The moon wasn't always the barren wasteland we see today.
Surprising new research has found that our barren moon may have once had a surface that erupted with geysers of lava, and researchers think they know why.
At one point long ago, the lunar surface was very active place, and in fact may have been the size of Mars when it crashed into Earth in the early days of our Solar System, according to a Space.com report.
As a result, this newly formed chunk of rock was a very geologically active place, with magma bubbling up and breaking the surface to form “fire fountains” — think Old Faithful, but with lava.
But what was the driving force behind this? Scientists think they know, and it could help them learn more about the conditions of the early moon.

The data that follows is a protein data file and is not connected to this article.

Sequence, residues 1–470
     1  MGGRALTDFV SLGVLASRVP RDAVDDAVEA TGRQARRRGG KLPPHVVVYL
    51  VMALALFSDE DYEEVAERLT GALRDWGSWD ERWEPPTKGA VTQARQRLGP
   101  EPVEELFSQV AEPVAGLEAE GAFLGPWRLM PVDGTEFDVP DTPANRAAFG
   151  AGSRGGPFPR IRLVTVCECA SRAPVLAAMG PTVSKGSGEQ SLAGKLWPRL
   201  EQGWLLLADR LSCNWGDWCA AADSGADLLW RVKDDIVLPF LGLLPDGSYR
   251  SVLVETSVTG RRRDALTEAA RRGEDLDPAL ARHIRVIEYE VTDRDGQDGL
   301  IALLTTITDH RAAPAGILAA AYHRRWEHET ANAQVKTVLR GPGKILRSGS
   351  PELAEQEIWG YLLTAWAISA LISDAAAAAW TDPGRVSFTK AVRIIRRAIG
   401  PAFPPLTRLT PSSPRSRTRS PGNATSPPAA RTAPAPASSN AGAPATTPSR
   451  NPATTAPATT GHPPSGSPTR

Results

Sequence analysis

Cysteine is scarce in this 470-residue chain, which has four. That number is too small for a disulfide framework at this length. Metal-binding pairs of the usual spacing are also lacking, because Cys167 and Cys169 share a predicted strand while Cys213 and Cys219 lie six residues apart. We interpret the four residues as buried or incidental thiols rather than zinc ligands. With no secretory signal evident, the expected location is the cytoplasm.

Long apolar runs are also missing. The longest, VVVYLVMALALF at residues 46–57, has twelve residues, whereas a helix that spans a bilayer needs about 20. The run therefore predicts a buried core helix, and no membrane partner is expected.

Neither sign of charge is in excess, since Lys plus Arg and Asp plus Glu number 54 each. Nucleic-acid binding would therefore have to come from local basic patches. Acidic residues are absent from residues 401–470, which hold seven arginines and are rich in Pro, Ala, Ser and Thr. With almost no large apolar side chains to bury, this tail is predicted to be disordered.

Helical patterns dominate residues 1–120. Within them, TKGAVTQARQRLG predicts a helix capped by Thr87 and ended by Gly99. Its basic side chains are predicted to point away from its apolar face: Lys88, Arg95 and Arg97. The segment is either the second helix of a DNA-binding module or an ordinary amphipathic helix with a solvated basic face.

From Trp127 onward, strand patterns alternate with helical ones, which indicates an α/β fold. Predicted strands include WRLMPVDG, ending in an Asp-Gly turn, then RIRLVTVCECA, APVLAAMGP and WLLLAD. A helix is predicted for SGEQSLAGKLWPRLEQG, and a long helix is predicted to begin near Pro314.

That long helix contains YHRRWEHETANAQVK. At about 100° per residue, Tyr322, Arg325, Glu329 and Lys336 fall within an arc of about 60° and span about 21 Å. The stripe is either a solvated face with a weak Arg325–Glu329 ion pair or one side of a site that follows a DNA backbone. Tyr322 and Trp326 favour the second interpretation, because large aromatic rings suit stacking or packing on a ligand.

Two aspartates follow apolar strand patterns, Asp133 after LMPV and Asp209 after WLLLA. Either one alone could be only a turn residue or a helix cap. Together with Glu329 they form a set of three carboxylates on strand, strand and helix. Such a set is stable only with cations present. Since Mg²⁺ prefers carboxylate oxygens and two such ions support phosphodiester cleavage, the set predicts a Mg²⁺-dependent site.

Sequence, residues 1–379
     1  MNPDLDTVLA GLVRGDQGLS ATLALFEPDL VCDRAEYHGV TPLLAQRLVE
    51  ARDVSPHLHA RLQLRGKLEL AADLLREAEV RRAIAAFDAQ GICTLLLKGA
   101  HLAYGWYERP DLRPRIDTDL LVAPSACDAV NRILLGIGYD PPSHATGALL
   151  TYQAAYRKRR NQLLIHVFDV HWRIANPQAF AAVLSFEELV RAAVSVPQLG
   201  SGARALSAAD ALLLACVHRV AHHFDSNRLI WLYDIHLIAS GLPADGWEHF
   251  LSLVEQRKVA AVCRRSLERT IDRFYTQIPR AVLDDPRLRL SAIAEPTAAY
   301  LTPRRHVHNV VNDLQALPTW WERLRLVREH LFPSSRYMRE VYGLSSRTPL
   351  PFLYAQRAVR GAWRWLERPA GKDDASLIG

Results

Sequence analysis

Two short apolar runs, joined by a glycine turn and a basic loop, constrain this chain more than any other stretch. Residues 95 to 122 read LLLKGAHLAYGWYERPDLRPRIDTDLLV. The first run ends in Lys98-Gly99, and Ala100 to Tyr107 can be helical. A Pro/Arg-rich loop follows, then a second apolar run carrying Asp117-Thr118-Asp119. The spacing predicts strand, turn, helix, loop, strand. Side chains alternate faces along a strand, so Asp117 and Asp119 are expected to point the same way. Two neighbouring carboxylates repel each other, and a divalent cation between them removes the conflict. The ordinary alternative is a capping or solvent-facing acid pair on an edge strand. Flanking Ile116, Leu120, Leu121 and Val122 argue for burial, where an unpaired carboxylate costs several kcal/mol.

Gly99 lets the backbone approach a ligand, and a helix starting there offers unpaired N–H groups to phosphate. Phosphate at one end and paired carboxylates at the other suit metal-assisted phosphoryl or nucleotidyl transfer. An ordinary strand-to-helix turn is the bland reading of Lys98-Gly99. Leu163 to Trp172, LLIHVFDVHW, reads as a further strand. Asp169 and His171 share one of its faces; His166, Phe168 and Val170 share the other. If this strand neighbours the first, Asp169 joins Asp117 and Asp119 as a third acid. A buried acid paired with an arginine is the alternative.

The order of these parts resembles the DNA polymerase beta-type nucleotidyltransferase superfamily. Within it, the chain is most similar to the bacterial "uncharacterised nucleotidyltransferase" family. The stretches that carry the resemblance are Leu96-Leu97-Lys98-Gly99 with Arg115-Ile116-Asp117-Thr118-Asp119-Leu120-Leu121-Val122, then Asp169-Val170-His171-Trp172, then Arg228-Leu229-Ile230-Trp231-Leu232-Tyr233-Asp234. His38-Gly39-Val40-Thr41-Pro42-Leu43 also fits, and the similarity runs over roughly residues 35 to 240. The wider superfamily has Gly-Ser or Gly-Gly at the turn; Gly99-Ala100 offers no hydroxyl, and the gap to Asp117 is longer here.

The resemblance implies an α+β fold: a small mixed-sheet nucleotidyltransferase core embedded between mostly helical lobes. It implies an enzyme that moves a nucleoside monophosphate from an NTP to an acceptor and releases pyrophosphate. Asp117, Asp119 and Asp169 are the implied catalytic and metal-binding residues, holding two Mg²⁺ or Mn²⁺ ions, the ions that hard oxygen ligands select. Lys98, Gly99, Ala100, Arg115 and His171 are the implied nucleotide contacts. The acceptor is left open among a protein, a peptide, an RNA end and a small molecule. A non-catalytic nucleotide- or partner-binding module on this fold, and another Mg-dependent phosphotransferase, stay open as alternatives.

They think it has something to do with carbon monoxide. Carbon was probably the main driving force along with a little bit of water and sulfur.
The moon’s makeup was probably similar to that of Earth’s, as concentrations of lava found on the ocean floor of Earth appear similar to what might have been on the moon.
Scientists made the findings by studying volcanic glasses on the moon, which act as miniature time capsules of what lunar conditions were like way back when the glass hardened. It basically records data of what the lava’s makeup is.
New measurements of this volcanic glass indicate that it was steeped in carbon, which had combined with oxygen to make carbon monoxide as this magma rose to the surface. Then, the carbon monoxide was propelled upward. It’s like opening a can of sad and seeing gas escape because of a decrease in pressure. This also helped the magma rise.